To elucidate the insertion time of elements classified into families, we used the divergence of LTRs estimated by LTR_STRUC and Retrotector. The dates of ERV insertion can be estimated mainly by the LTR comparison and the individual divergence relative to a consensus sequence. However, there are many difficulties in obtaining an accurate consensus sequence, especially for short insertions, so, as was done by many other authors, the LTR comparison was chosen for estimates of insertion dates. These divergence figures were then corrected to account for the presence of multiple mutations at the same site, back mutations, and convergent substitutions by using the Kimura two-parameter model (16). Nine elements with highly divergent LTRs were not included in this analysis. The insertion time of each element was estimated by applying a substitution rate of 2.3 × 10−9 to 5.0 × 10−9 to the divergence (12).
The representative members of a BoERV family were chosen as the closest element to the consensus sequence of the family or, when consensus was not possible, to the element with fewer stop codons. To build the consensus sequence, the amino acid sequences of the members of each family were aligned by using ClustalW (39), and consensus was determined by using the cons program of the EMBOSS suite (33). The distances between individual sequences and the consensus were calculated by using MEGA 3.1 (number of differences and pairwise deletion options).
In order to amplify BoERV1 in sheep, PCR was performed with the primers 5′-TGTGCTGAGACAGAGGAAGC-3′ (forward) and 5′-CCTATGGCCCTAGTCCCTTC-3′ (reverse) in six samples of Latxa breed sheep. PCR conditions consisted of 5 min at 94°C followed by 25 cycles of a 55°C annealing step for 30 s, polymerization at 72°C for 30 s, denaturation at 94°C for 30 s, and one final cycle at 72°C for 7 min. Reaction conditions were as follows: 13.1 μl of water, 2 μl of buffer, 0.8 μl of MgCl2, 0.3 μl of deoxynucleoside triphosphate (dNTP), 0.3 μl of each primer, 0.2 μl of Taq, and 3 μl of DNA.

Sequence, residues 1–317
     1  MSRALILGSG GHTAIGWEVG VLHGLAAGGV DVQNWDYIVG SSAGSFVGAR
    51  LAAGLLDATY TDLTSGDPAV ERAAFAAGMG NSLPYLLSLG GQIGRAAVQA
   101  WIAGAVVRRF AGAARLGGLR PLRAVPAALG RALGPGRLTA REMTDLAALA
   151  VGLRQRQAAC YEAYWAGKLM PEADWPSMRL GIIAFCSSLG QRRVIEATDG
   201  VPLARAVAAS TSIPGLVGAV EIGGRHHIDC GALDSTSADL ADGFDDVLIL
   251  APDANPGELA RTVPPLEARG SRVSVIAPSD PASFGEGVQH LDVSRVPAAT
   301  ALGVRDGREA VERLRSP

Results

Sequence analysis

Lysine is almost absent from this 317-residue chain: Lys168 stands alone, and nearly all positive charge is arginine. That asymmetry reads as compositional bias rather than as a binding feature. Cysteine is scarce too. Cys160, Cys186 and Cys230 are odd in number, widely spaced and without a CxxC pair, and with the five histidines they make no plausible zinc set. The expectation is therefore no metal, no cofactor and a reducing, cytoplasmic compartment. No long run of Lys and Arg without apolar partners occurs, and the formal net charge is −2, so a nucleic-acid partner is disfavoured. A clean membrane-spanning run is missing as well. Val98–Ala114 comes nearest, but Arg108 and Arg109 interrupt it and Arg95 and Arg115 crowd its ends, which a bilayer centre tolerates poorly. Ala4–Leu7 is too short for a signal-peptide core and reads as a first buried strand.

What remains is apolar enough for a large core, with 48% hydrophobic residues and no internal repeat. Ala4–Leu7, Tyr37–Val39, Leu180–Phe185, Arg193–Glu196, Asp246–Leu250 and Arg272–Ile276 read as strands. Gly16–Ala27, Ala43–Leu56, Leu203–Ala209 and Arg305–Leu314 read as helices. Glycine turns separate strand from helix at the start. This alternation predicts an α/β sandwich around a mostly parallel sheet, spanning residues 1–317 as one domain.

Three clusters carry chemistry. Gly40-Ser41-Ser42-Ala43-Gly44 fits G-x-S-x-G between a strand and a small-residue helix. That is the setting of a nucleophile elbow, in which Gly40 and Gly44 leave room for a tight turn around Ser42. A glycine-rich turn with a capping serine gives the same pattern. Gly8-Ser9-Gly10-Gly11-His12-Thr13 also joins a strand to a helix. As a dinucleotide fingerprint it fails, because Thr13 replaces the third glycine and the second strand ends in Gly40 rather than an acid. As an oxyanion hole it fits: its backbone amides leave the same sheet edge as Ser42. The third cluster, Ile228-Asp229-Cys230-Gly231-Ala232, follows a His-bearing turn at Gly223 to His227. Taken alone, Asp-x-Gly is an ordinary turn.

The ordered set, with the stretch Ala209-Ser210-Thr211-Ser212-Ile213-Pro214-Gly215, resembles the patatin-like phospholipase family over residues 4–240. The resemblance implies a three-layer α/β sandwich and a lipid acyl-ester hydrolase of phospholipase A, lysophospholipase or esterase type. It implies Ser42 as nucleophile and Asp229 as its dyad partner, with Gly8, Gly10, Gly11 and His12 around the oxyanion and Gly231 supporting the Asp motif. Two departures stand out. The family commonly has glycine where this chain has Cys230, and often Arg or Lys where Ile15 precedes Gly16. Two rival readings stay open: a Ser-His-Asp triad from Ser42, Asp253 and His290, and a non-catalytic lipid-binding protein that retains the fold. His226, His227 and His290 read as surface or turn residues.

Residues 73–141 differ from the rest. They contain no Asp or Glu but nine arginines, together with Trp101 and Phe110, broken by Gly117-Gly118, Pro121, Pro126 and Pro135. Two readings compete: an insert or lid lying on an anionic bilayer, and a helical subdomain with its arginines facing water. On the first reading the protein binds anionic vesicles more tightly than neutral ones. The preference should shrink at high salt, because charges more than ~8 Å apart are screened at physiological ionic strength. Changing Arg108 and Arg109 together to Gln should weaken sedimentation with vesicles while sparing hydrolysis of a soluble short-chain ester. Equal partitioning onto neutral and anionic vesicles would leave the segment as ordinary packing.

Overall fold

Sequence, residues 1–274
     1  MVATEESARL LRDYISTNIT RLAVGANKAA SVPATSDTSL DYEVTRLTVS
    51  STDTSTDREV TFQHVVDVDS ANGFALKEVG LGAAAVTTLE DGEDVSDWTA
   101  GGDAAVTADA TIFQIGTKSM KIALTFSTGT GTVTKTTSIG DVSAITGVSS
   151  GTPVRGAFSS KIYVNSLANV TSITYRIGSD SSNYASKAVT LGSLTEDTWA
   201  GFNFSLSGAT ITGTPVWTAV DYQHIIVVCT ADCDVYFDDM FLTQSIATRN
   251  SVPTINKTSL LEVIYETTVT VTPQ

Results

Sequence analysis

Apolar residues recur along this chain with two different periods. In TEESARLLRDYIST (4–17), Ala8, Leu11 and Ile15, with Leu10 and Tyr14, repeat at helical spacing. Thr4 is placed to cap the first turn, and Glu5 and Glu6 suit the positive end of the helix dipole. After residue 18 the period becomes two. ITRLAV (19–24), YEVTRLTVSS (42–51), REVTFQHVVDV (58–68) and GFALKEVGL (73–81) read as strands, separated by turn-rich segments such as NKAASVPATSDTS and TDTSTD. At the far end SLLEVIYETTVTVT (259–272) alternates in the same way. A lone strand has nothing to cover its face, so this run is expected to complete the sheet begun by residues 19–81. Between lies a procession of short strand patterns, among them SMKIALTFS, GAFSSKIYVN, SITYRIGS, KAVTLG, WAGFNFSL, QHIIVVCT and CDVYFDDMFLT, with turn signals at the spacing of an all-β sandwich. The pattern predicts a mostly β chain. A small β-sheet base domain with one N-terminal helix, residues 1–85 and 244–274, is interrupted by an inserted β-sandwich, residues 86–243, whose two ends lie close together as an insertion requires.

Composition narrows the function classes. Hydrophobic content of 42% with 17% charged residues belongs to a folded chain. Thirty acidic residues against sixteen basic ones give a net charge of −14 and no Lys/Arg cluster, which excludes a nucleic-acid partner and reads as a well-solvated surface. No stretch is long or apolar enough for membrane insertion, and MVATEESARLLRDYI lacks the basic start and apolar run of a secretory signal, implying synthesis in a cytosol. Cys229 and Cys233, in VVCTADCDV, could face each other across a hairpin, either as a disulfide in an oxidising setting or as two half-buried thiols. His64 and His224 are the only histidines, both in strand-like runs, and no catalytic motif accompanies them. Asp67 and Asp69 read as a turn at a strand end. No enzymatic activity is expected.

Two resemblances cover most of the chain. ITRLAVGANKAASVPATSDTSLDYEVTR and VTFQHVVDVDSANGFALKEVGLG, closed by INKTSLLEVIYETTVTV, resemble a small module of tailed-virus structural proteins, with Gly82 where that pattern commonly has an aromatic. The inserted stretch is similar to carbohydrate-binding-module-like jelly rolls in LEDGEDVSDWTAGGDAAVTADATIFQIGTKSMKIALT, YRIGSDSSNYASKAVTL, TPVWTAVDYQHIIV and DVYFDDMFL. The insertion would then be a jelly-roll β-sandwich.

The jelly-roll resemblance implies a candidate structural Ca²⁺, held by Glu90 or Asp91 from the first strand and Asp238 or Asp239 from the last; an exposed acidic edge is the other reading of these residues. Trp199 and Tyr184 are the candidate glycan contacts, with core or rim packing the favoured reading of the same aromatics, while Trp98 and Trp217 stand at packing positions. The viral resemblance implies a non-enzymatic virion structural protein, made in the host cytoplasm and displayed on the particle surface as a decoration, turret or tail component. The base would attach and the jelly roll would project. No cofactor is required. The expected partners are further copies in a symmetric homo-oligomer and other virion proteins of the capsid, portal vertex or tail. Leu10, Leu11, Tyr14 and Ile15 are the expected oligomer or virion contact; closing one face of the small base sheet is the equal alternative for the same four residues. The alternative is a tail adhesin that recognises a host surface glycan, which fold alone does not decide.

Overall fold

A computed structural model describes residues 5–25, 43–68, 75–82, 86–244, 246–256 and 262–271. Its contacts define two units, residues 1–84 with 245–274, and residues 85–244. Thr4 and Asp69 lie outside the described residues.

The relationships of the BoERV groups with other species' ERV groups were analyzed by using a phylogenetic tree. We used 16 representative sequences from human ERV families (40), 38 from chimpanzees (29), 27 from mice (2, 23), 7 from rats (2), 14 from sheep (17), 8 from pigs (27), and 24 from cows (our data). The sequences were aligned by using MAFFT (14) (linsi option). Positions with gaps in more than half of the sequences were eliminated. The tree was constructed by Bayesian inference implemented in MrBayes 3.1 (35) (106 generations; RtREV matrix+G+I).
To estimate the insertion time of the human HERV-S71 element and the chimpanzee CERV3 element, we used the LTR divergence as described previously by Johnson and Coffin (12). The LTRs of each element were aligned with ClustalW, and the distance was calculated by using MEGA 3.1 (K2P substitution model). The insertion time was estimated by applying a substitution rate of 2.3 × 10−9 to 5.0 × 10−9 (12).
In the cow genome, the BLAST-based search detected 928 ERVs, LTR_STRUC identified 4,487 elements flanked with LTRs, and Retrotector detected 9,698 possible ERVs (Table (Table2).2). Only 172 elements were detected by all three methods (Fig. (Fig.1).1). A total of 739 of the elements detected by the BLAST-based search were also detected by Retrotector. Retrotector identified 8,183 elements that were not detected by either the BLAST-based search or LTR_STRUC (Fig. (Fig.1).1). The elements detected by the three methods were those that were best preserved from a structural standpoint; e.g., in 81% of the elements detected, Retrotector detected motifs from the NC region of the gag gene, and in 83% of the elements, it detected motifs from the RT region of the pol gene. However, the elements detected by a single program and LTR_STRUC and Retrotector together did not provide evidence for these motifs in most cases (35% and 54%, respectively).